39 Fla. Supp. 195


No. 72-23223.

Circuit Court, Dade County.

October 19, 1973.

*196Mershon, Sawyer, Johnston, Dunwody & Cole, Miami, for the plaintiffs.

Stuart L. Simon, County Attorney, and R. A. Cuevas, Jr., Assistant County Attorney, for the defendants.

JACK A. FALK, Circuit Judge.

This cause came on to be heard on plaintiffs’ motion for summary judgment.

The court finds from the pleadings and affidavits on file, that there is no genuine issue of material fact and that, as a matter of law, plaintiffs’ property is entitled to a partial exemption from ad valorem taxes for 1972.

Plaintiffs are seeking total exemption from ad valorem taxation for 1972. The subject real property is owned by the First Church of the Nazarene. It comprises the church’s former house of worship and underlying land. As of the taxing date, the subject property was leased to the American Welding Society, Inc.

The court finds, on the basis of the affidavit submitted by the Welding Society’s executive director, that the society uses its interest in the subject property predominantly for scientific and literary purposes. Such interest is therefore entitled to exemption from ad valorem taxes for the 1972 year.

The issue remains as to whether the church’s remainder interest in the subject property is entitled to exemption. Clearly this interest is not used for scientific or literary purposes. The church asserts that its interest is used for religious purposes. At the hearing, the church admitted that, as of the first of the tax year, it no longer held services on the premises or made any other physical use of the property. The rents accruing under the lease were pledged as collateral for a bank loan, the proceeds of which were used to defray construction costs of a new house of worship. Were the church to use these revenues for the operation, maintenance and repair of the subject property (its former house of worship) and to retire the indebtedness thereon, this would not constitute use for an exempt purpose. See Simpson v. Bohon, 31 So.2d 406 (Fla. 1947); State, ex rel. Cragor Company v. Doss, 8 So.2d 17 (Fla. 1942). Usage of such revenues to finance construction of a new building is equivalent to maintaining and paying off the old building. The court finds that the church’s predominant usage of the remainder interest in the' subject property is not for religious purposes and is therefore not entitled to tax exemption. The court further finds that the fair market value of the church’s remainder interest is $2,000.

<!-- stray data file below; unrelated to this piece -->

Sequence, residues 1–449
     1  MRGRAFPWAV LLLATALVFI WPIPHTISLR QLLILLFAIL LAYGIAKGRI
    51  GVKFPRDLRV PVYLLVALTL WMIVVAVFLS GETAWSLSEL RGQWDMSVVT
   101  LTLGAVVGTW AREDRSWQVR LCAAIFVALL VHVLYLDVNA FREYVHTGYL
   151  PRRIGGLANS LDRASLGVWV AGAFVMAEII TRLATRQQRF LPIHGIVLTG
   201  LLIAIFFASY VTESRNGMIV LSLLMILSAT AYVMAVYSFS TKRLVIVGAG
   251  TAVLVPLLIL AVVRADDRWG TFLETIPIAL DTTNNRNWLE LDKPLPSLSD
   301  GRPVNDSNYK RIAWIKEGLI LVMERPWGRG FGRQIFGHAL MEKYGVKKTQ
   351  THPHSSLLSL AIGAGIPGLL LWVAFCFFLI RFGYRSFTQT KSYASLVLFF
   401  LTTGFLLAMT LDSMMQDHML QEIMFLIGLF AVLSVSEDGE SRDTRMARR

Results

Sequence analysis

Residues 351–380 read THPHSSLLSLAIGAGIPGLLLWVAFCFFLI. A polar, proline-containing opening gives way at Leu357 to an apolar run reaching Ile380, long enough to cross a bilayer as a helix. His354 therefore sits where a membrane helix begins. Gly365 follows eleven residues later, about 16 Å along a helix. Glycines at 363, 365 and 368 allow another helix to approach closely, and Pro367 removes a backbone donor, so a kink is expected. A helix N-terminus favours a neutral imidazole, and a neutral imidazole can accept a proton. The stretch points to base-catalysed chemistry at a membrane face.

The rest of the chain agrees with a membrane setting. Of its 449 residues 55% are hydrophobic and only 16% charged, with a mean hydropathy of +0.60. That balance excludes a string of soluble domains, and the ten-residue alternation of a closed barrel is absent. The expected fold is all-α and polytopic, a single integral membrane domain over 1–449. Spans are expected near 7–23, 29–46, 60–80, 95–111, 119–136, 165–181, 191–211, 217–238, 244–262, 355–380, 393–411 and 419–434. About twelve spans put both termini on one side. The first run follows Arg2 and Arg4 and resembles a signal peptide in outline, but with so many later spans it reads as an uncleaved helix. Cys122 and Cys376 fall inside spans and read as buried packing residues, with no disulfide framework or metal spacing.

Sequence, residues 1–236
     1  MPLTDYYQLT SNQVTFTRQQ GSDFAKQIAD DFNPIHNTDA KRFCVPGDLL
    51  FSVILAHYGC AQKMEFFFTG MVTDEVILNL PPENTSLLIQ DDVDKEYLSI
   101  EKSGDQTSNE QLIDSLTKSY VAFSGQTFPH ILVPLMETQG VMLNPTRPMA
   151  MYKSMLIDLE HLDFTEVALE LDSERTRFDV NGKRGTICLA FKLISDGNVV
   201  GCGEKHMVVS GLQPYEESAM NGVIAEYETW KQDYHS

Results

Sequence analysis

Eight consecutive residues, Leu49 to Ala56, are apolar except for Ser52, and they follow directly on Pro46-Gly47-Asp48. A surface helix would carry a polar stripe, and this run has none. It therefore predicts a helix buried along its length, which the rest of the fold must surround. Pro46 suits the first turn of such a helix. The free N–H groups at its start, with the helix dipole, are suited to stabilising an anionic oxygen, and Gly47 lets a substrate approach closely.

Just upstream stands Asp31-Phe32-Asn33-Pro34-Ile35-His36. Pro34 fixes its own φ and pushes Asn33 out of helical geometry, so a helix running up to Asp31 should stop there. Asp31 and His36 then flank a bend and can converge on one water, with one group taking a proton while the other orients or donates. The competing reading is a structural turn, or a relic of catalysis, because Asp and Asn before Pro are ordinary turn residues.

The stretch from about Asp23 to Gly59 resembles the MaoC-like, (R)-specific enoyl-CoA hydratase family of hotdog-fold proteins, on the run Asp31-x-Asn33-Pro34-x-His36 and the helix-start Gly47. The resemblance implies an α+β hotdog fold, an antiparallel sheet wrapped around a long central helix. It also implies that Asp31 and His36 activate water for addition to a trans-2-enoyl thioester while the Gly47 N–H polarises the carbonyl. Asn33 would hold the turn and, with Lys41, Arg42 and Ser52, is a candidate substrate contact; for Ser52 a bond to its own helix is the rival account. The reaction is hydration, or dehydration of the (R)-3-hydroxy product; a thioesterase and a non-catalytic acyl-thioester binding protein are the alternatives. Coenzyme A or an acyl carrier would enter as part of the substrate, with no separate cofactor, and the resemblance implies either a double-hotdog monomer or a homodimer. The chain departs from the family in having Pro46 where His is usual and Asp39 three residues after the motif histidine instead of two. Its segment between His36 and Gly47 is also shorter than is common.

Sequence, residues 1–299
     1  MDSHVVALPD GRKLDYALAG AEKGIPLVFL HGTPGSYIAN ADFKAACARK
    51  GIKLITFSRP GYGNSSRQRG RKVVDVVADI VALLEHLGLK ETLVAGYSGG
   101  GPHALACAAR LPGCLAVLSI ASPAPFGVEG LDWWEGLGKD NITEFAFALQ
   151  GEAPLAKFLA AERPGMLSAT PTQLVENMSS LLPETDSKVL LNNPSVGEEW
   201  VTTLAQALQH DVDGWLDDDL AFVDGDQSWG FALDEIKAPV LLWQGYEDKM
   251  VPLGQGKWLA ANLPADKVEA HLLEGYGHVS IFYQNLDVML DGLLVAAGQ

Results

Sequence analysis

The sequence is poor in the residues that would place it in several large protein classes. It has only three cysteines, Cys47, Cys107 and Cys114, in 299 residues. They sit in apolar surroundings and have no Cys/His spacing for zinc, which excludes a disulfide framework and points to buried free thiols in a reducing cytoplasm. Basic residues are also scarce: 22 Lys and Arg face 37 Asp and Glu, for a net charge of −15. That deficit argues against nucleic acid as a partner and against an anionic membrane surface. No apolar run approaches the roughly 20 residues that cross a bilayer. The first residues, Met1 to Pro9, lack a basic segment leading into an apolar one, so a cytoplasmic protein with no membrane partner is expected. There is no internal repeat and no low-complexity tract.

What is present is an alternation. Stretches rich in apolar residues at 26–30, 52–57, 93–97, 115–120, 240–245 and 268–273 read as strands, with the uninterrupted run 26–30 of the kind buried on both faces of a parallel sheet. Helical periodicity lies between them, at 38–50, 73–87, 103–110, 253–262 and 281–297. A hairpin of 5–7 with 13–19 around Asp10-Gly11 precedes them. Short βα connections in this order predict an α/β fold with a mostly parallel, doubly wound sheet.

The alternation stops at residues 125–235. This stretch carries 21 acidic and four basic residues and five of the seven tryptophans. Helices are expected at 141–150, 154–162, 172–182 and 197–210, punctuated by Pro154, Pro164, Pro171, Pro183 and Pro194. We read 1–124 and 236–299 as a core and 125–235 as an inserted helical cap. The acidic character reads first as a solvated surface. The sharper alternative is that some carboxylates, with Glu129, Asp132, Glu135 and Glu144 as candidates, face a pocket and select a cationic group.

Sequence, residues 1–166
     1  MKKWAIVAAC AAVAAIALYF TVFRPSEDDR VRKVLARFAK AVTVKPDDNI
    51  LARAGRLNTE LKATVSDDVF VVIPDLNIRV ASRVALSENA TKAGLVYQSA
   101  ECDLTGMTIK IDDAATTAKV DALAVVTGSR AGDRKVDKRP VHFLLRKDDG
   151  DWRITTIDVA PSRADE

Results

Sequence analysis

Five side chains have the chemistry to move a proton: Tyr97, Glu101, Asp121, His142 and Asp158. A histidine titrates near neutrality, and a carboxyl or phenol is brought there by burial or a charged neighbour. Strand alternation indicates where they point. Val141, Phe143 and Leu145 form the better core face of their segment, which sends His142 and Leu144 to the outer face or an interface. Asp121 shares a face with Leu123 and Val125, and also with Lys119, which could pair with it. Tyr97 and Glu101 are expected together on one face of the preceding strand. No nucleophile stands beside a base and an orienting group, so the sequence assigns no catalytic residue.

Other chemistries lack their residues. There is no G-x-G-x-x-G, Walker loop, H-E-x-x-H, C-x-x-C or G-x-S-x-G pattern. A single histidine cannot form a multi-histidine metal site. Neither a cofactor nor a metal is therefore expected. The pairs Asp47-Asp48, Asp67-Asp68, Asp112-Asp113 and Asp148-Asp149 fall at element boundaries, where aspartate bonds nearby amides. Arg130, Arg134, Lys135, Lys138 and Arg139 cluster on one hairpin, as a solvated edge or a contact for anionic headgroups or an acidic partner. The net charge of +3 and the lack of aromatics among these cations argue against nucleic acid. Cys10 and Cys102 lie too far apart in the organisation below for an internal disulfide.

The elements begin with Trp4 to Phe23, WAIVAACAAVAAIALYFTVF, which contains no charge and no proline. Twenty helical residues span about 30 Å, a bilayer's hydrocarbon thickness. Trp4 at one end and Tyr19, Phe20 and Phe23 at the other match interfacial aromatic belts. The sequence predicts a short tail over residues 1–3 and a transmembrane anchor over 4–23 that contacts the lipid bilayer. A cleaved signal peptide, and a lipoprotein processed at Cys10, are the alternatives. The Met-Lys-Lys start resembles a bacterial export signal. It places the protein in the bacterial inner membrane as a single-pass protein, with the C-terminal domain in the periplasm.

*197It is therefore ordered and adjudged — (1) That the subject property is entitled to partial tax exemption as set forth above for the 1972 year. (2) That the taxable portion of the subject property (the church’s remainder interest) is valued for the purposes of ad valorem taxation for the year 1972 at $2,000. (3) That the Dade County Tax Collector shall recompute the 1972 taxes on the taxable portion of the subject property, using as the basis for his calculation the assessment as delineated above and shall furnish the plaintiffs with a corrected tax bill. If plaintiffs pay the taxes due within thirty days of the date of such corrected bill, they shall be entitled to the standard 4% discount. (4) That the injunction previously issued herein enjoining collection of taxes on the subject property is dissolved. (5) That each party shall bear its own costs. (6) That this court shall retain jurisdiction of this cause for the purpose of enforcing the provisions of this summary final judgment.

First Church of Nazarene, Inc. v. Tax Assessor
39 Fla. Supp. 195

Case Details

First Church of Nazarene, Inc. v. Tax Assessor
Decision Date
Oct 19, 1973

39 Fla. Supp. 195




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